San Diego Mayor asked to resign over sexual harassment claims

Bob Filner

Mayor Filner at a campaign rally in November 2012 | Photo by Brad Racino

by Mark Sauer, Amita Sharma and Sandhya Dirks | KPBS

At least three staunch supporters of San Diego Mayor Bob Filner are asking him to resign over allegations of sexual harassment, KPBS has learned.

Former Councilwoman Donna Frye, who was a member of Filner’s staff until she resigned in April, and attorneys Marco Gonzalez and Cory Briggs, each hand-delivered letters to Filner requesting his immediate resignation.

In her letter to Filner, Frye says she has “received credible evidence of more than one woman being sexually harassed by you.” She made it clear in an interview that she is not among the alleged harassment victims.

Frye, who campaigned on Filner’s behalf, declined to be quoted outside of her letter.

In it, she says, “Those who have spoken to me recently would not make the allegations lightly or without cause, and I believe them.

“I cannot in good conscience remain silent on this, even if those who have spoken to me choose to do so out of fear of retribution or the possibility of a media circus where they could be twice victimized.”

The attorneys who have appealed to Filner are longtime supporters of Democratic causes and candidates — notably Filner in his campaigns for San Diego mayor and for Congress, where he represented San Diego and Imperial County residents for more than two decades.

Filner’s office did not respond to multiple calls and emails asking for comment.

Briggs, a well-known environmental lawyer who backed Filner last year, released his letter publicly earlier today. In it, he asked for Filner’s resignation, but was circumspect, saying, “I have spent the better part of my career standing up for principles of open, accountable, responsible government. It’s clear to me that your office has violated these principles … .”

Frye said she, Briggs and Gonzalez will hold a press conference tomorrow at 10 a.m. at Briggs Law to answer questions about the sexual harassment accusations.

Gonzalez, also an environmental lawyer who has taken on high-profile, controversial issues, told KPBS that he represents “multiple women” who claim sexual harassment by Filner.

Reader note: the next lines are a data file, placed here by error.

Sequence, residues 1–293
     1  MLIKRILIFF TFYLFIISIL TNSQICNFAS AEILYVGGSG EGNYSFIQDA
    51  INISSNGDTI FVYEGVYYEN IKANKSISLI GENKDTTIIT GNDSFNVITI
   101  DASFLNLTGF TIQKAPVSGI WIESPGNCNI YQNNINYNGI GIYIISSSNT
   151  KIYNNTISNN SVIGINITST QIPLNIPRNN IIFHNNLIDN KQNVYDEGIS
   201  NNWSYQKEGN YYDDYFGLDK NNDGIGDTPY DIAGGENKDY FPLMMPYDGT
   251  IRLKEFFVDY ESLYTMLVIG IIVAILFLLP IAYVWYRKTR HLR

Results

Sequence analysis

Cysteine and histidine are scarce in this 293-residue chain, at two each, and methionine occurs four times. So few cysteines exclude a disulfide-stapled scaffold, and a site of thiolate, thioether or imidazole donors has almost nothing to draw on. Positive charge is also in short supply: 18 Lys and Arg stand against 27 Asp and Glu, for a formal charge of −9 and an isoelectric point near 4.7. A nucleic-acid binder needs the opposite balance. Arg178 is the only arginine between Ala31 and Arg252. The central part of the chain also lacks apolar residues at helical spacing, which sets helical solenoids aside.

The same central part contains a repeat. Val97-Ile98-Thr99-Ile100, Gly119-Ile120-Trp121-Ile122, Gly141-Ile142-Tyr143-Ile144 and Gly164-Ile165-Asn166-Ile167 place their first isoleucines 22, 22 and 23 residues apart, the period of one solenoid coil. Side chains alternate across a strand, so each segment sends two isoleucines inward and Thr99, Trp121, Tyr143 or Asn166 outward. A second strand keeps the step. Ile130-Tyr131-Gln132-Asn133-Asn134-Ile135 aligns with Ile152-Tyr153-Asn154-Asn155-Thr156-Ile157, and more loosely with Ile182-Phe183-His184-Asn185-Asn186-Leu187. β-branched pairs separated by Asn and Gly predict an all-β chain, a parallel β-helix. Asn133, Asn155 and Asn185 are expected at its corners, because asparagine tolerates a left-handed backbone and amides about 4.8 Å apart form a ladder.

His letter to Filner was direct:

“At our recent meeting I was of the impression that you understood the gravity of the circumstances surrounding your treatment of staff, and in particular, the women who work for you in the Office of the Mayor.

“… While this is an extremely difficult message to convey, as members of a progressive community that prides itself on our support for women, their issues, and especially equality in the workplace, we cannot sit idly by and watch your inexcusable behavior continue.

“What we would not accept for our enemies, we cannot condone of our friends.”

Although Gonzalez said he has “multiple women clients,” no lawsuits have been filed.

Filner, whose engagement to Bronwyn Ingram fell apart this week, could not be reached for comment.

A claims analyst for the Social Security Administration, Ingram was at Filner’s side often during last fall’s campaign and at various civic events. She has not returned calls requesting an interview.

Ingram – whom Filner introduced as “The First Lady of San Diego” – headed a campaign out of the mayor’s office to improve conditions for the city’s homeless. In announcing the termination this week of their engagement, Ingram expressed regret over not being able to continue working on the mayor’s issues.

Frye, who delivered her letter to the mayor’s office yesterday afternoon, said her primary concern is for the victims of this abuse. She is adamant about not disclosing their identities without their permission.

The mayor has not contacted her since the letter was delivered, Frye said.

Frye said she was very reluctant to go public with her resignation request, fearing the women could be victimized twice; and she pleaded for restraint by the press.

Frye, who twice ran unsuccessfully for mayor herself, campaigned for Filner last fall. She took a job in his administration as the director of open government, working with council offices and community groups to “keep the city’s business open and public.”

Frye resigned in April, saying at the time that she wanted to accept the presidency of Californians Aware, a nonprofit advocating for open government across the state.

Briggs, who was traveling today, could not be reached for comment.

 

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About Brad Racino:

Brad Racino
Brad Racino is a senior reporter and assistant director at inewsource. To contact him with tips, suggestions or corrections, please email bradracino [at] inewsource [dot] org.